According to the New York Times, “Cameron wore a blue-and-white shirt with a small Pepsi logo underneath another shirt. He waited until just before the picture was taken to remove his outer shirt,” ruining the picture. Cameron, in an interview with the Augusta Chronicle, claimed he wasn’t nearly as devious as school officials had made out, saying that “the Pepsi shirt had been in plain view since his arrival at school Friday morning” and disputed that he revealed it only at the last second. But either way, school officials were not happy. Cameron was sent to the principal’s office where, he told the Times, the two “talked about how important that day was to the school and that I might have cost the school 10 grand.”

The prank, being insubordinate and churlish, earned Cameron a suspension. But being funny and a perhaps unintentional critique of corporate America, it also earned Cameron headlines. Coca-Cola executives were asked if they were offended, and of course, they weren’t. In 2012, Vice sat down with Cameron to do a retrospective interview; the former prankster told the digital magazine that there were more than a handful of Pepsi-shirt wearers that day and the Coca-Cola team took it in stride: “a Coke representative actually saw my shirt, punched me on the shoulder and was like, ‘Ah, ha! Another one.’” Pepsi execs, on the other hand, saw an opportunity to earn some goodwill; a spokesperson told the Times that “it sounds like Mike’s obviously a trendsetter with impeccable taste in clothes. We’re going to make sure he’s got plenty of Pepsi shirts to wear in the future once we track him down.” Everyone ended up coming out looking pretty good — except for the administration of Greenbrier High. They looked like educators who were willing to punish a student in order to get some corporate cash.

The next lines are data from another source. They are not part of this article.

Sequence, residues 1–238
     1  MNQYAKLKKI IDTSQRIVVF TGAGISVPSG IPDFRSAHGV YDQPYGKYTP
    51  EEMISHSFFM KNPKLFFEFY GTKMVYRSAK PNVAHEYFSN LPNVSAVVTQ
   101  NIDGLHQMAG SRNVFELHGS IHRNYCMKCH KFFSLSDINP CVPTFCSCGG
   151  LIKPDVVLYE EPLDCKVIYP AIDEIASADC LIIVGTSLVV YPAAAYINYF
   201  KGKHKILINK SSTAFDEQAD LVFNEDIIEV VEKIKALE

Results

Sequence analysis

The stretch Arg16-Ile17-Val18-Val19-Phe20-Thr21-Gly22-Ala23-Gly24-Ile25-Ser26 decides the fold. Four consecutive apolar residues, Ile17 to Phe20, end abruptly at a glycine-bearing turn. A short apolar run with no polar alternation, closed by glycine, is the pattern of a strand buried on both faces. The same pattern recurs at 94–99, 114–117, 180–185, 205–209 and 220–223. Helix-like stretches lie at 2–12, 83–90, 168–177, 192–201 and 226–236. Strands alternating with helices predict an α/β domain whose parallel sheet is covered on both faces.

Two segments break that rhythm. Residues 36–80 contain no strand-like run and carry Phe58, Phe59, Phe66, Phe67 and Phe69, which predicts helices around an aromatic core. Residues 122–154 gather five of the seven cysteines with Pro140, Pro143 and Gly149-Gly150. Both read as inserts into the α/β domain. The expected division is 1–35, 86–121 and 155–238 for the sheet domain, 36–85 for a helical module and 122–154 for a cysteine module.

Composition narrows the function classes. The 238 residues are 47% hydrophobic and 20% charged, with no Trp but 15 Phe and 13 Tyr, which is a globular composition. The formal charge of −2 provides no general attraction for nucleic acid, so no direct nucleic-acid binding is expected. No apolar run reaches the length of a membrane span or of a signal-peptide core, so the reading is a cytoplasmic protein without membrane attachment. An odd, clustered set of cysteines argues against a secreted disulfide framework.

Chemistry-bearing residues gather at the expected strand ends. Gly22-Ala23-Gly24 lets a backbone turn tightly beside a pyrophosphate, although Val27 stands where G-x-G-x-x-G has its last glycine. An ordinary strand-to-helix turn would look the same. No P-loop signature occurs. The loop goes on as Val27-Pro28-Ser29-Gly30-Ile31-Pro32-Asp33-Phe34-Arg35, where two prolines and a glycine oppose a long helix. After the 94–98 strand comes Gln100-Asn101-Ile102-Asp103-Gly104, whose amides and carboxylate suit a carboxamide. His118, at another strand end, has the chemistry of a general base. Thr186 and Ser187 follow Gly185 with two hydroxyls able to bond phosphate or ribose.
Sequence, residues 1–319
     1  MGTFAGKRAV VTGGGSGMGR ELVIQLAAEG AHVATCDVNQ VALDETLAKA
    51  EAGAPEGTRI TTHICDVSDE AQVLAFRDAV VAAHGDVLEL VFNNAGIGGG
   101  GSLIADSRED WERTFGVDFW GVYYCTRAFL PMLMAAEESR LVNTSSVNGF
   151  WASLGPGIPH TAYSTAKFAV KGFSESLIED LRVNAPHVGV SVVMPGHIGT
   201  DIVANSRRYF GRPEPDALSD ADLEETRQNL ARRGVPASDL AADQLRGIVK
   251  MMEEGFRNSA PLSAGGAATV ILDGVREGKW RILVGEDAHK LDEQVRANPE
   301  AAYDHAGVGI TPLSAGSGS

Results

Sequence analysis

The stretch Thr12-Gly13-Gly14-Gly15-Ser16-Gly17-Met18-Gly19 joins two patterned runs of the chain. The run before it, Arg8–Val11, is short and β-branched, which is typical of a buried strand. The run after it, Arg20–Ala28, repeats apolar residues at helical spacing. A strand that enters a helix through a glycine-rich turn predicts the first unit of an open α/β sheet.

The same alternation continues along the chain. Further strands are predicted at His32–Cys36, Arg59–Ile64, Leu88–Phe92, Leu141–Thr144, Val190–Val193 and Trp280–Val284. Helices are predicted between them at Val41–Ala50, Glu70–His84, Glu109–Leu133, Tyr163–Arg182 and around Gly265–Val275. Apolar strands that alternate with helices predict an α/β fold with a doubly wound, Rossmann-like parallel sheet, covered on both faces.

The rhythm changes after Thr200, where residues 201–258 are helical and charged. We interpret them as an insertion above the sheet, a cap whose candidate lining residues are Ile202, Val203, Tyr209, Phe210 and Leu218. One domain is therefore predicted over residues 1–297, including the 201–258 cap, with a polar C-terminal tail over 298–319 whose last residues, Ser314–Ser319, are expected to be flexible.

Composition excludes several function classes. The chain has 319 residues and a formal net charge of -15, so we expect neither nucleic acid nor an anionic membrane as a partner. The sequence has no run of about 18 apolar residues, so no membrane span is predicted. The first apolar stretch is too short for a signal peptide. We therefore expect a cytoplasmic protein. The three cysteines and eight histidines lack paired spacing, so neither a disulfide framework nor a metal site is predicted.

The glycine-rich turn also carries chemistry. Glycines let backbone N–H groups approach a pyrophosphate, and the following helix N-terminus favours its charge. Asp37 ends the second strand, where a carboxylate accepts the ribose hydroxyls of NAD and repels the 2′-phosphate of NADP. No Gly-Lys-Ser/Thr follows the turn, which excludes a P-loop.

And a few days later, the high school reversed course — somewhat. By the time the story spread nationally if not globally, Cameron had already served his suspension, so there was no undoing that. But the next day, Greenbrier decided that Cameron’s transgression would be wiped from his official permanent record, according to the Associated Press. They did not, however, apologize to Cameron for the apparent overreaction; as he told Vice, “they sort of said they ‘would have handled things differently,’ but no one ever apologized or spoke to me directly.”

It’s unclear what school won the “Team Up With Coca-Cola” grant, but if Greenbrier was the winner, it went unreported.

Bonus fact: In 1985, Coke had a smart idea for a public relations campaign: create a can that astronauts could use in space. The cola giant, as the National Air and Space Museum summarizes, “developed a can that would work in weightlessness to keep the cola fizzy without spewing out of the can,” and NASA agreed to give it a try in a Space Shuttle flight. Pepsi, not wanting to be left out, also offered to provide NASA with a can design to try– and NASA accepted. Per the Air and Space Museum, “both Coke and Pepsi products were flown on the STS 51-F mission in 1985 so crew members could evaluate the dispensers and do a taste test. Results were mixed and NASA did not add either company’s product to the Shuttle food pantry.”

From the Archives: Where Coke and Pepsi Competed for Burps: The bonus item talks about space soda a bit more.